The refresher course: Avoid plagiarism by citing, paraphrasing and attributing. Most medical and paramedical and quasi-medical professionals go out of their way to cite credible sources to support their advice.
But not Kitty Marlow.
She writes for Sun Coast Media Group's "Feeling Fit" tab. Throughout most of her article in Sunday's paper, she simply copies most of the words in order from a website called RD411.
When Kitty Marlow strays from RD411, she abandons another kind of professional ethics. Without citing one credible peer-reviewed source, she dispenses borderline medical advice. She tells readers most people need to take a multivitamin and most people need "neutraceuticals" [sic ] That's her misspelling of her recommended product. And without a cautionary phrase in sight, tells readers that "potent plant extracts" have anti-aging properties and "dramatic skin effects" can be achieved with pine bark extracts, among other silliness. She does not disclose whether the day spa that employs her sells these items and if she has a financial interest in promoting her employer's products in this "news" story.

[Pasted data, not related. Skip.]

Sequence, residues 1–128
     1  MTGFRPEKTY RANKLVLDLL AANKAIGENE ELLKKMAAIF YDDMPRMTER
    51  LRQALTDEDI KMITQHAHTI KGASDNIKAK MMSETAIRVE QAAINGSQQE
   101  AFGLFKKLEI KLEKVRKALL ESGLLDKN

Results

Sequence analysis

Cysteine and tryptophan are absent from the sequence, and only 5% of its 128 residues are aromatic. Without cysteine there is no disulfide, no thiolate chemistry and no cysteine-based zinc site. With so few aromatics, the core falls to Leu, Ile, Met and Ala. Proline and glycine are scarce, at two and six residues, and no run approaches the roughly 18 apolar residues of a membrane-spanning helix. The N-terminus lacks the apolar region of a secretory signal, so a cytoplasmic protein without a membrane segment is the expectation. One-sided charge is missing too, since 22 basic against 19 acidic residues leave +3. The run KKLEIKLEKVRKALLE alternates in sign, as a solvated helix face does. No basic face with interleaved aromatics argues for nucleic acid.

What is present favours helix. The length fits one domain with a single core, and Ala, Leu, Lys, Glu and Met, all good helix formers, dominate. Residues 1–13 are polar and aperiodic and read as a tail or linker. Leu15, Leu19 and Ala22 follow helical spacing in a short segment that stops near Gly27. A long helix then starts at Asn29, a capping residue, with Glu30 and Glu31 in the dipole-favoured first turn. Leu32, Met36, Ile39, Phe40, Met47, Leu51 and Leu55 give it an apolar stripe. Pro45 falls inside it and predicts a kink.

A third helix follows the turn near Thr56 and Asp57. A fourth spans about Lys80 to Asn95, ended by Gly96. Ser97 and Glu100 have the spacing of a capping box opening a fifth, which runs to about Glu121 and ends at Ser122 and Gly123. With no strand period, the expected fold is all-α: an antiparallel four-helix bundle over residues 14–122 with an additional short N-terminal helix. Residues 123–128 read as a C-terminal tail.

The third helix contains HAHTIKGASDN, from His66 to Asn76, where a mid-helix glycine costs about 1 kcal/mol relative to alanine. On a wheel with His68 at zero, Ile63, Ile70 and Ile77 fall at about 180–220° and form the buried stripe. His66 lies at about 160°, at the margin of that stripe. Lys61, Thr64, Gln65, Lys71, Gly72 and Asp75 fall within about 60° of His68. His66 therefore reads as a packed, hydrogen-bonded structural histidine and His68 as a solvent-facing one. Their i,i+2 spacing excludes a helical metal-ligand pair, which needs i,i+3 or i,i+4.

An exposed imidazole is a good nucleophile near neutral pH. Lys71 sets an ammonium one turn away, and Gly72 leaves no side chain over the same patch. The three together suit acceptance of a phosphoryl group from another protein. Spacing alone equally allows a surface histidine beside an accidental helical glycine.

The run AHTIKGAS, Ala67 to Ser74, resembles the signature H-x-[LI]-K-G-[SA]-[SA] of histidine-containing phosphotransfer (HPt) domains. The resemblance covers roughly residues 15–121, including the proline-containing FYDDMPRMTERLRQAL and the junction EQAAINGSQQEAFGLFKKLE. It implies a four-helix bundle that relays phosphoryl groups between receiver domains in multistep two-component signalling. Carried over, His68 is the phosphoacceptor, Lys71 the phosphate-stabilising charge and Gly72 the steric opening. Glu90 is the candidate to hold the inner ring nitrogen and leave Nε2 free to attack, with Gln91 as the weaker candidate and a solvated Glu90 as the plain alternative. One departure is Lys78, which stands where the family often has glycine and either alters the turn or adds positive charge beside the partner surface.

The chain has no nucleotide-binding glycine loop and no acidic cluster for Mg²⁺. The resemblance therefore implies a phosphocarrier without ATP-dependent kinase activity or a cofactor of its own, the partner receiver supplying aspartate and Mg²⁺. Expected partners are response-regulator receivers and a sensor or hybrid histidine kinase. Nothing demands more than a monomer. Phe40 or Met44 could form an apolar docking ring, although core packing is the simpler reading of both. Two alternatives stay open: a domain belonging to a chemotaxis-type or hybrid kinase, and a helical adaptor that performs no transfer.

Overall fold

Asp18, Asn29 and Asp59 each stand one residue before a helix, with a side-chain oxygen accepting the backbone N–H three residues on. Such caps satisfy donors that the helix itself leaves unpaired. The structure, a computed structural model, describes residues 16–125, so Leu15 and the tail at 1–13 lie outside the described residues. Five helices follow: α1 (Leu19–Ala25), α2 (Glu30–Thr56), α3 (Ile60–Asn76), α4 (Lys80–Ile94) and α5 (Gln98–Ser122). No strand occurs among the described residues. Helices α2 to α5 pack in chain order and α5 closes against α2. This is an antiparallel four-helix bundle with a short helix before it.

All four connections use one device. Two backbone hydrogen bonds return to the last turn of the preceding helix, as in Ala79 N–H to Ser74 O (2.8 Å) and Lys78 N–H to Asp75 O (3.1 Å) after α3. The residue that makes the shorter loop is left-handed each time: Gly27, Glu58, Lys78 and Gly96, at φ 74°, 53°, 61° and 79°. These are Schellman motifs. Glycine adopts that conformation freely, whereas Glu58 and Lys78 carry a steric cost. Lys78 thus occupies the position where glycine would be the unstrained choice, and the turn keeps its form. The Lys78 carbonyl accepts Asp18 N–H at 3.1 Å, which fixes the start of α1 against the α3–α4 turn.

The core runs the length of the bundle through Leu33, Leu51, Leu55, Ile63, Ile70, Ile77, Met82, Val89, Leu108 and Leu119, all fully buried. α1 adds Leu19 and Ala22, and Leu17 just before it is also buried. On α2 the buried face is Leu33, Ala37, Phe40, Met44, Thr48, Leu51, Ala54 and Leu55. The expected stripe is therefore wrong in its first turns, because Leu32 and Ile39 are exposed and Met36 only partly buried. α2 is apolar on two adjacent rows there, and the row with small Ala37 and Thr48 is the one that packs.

No harm done, however: Any reasonably alert reader, equipped with basic critical thinking skills will see that this spelling-challenged plagiarist promotes unproven hope in a bottle and will file it in the trash folder called "quackery."